6. 6.
    Danen-Van Oorschot AAAM, Zhang Y-HH, Leliveld SR et al (2003) Importance of nuclear localization of apoptin for tumor-specific induction of apoptosis. J Biol Chem 278:27729–27736. doi:10.1074/jbc.M303114200 CrossRefPubMedGoogle Scholar
  7. 7.
    Rollano Peñaloza OM, Lewandowska M, Stetefeld J et al (2014) Apoptins: selective anticancer agents. Trends Mol Med 20:519–528. doi:10.1016/j.molmed.2014.07.003 CrossRefPubMedGoogle Scholar
  8. 8.
    Rohn JL (2002) A tumor-specific kinase activity regulates the viral death protein apoptin. J Biol Chem 277:50820–50827. doi:10.1074/jbc.M208557200 CrossRefPubMedGoogle Scholar
  9. 9.
    Poon IKH, Oro C, Dias MM et al (2005) Apoptin nuclear accumulation is modulated by a CRM1-recognized nuclear export signal that is active in normal but not in tumor cells. Cancer Res 65:7059–7064. doi:10.1158/0008-5472.CAN-05-1370 CrossRefPubMedGoogle Scholar
  10. 10.
    Zhou S, Zhang M, Zhang J et al (2012) Mechanisms of apoptin-induced cell death. Med Oncol 29:2985–2991. doi:10.1007/s12032-011-0119-2 CrossRefPubMedGoogle Scholar
  11. 11.
    Leliveld SR, Dame RT, Rohn JL et al (2004) Apoptin’s functional N- and C-termini independently bind DNA. FEBS Lett 557:155–158CrossRefPubMedGoogle Scholar
  12. 12.
    Guelen L, Paterson H, Gäken J et al (2004) TAT-apoptin is efficiently delivered and induces apoptosis in cancer cells. Oncogene 23:1153–1165. doi:10.1038/sj.onc.1207224 CrossRefPubMedGoogle Scholar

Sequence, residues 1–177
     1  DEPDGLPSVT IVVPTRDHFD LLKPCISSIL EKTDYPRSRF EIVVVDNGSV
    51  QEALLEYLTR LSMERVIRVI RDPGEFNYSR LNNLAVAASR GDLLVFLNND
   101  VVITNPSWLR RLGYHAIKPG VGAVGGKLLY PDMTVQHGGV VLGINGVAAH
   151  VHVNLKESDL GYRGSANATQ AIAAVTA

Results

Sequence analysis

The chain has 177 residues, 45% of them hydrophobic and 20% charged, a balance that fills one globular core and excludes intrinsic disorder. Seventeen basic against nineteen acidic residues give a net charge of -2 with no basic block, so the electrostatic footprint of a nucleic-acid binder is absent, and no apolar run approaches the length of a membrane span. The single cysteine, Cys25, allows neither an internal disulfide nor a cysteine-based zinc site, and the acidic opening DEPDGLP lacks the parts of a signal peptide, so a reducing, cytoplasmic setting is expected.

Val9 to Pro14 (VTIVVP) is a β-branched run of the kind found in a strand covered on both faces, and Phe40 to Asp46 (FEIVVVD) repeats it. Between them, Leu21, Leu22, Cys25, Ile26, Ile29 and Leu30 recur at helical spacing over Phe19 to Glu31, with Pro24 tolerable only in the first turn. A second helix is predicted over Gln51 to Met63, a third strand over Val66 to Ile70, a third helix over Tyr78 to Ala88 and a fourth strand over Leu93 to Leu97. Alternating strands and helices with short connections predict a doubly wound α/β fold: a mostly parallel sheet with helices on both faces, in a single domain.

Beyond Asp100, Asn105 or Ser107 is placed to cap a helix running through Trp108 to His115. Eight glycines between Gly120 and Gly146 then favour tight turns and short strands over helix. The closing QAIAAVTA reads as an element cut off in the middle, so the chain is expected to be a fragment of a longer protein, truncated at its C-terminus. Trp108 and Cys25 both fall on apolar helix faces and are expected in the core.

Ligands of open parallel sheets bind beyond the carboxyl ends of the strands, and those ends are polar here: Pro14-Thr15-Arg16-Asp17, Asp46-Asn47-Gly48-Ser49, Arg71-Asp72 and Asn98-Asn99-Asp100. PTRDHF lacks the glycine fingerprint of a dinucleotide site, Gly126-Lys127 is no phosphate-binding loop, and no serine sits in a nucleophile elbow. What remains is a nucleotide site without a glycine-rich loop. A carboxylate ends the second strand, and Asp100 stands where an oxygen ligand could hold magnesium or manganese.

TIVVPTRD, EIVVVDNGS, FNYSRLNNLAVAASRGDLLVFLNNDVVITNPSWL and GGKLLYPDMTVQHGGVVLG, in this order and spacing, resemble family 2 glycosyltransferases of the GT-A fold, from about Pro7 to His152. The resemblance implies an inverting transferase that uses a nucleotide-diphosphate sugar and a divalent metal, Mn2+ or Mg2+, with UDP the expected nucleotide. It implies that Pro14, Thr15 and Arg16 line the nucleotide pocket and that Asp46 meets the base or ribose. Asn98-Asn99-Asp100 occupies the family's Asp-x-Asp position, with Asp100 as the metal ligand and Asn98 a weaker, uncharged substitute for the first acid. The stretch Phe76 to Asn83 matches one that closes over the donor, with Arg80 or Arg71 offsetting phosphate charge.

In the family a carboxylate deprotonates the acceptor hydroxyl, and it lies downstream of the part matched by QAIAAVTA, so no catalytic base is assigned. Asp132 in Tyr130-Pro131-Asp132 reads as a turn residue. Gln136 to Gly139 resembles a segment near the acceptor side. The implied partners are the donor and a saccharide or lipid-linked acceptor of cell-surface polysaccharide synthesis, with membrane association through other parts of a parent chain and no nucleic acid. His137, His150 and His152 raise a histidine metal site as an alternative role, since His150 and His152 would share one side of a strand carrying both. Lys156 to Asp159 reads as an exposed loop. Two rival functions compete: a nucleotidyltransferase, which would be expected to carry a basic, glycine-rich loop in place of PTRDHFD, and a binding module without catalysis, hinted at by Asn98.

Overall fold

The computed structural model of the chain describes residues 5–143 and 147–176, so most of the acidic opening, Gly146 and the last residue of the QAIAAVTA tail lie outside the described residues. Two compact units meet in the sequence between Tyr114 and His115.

13. 13.
    Zhang M, Guller S, Huang Y (2007) Method to enhance transfection efficiency of cell lines and placental fibroblasts. Placenta 28:779–782. doi:10.1016/j.placenta.2007.01.012 CrossRefPubMedGoogle Scholar
  14. 14.
    Castro J, Ribó M, Puig T et al (2012) A cytotoxic ribonuclease reduces the expression level of P-glycoprotein in multidrug-resistant cell lines. Invest New Drugs 30:880–888. doi:10.1007/s10637-011-9636-2 CrossRefPubMedGoogle Scholar
  15. 15.
    Castro J, Ribó M, Navarro S et al (2011) A human ribonuclease induces apoptosis associated with p21WAF1/CIP1 induction and JNK inactivation. BMC Cancer 11:9. doi:10.1186/1471-2407-11-9 CrossRefPubMedPubMedCentralGoogle Scholar
  16. 16.
    Gras SL, Waddington LJ, Goldie KN (2011) Transmission electron microscopy of amyloid fibrils. Methods Mol Biol 752:197–214. doi:10.1007/978-1-60327-223-0_13 CrossRefPubMedGoogle Scholar
  17. 17.
    Noteborn MH, Todd D, Verschueren CA et al (1994) A single chicken anemia virus protein induces apoptosis. J Virol 68:346–351PubMedPubMedCentralGoogle Scholar
  18. 18.